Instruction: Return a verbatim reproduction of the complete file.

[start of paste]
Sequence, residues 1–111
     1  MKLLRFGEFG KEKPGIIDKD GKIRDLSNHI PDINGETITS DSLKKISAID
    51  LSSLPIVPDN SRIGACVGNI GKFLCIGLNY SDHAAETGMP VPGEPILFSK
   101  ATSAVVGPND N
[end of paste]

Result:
Sequence, residues 1–111
     1  MKLLRFGEFG KEKPGIIDKD GKIRDLSNHI PDINGETITS DSLKKISAID
    51  LSSLPIVPDN SRIGACVGNI GKFLCIGLNY SDHAAETGMP VPGEPILFSK
   101  ATSAVVGPND N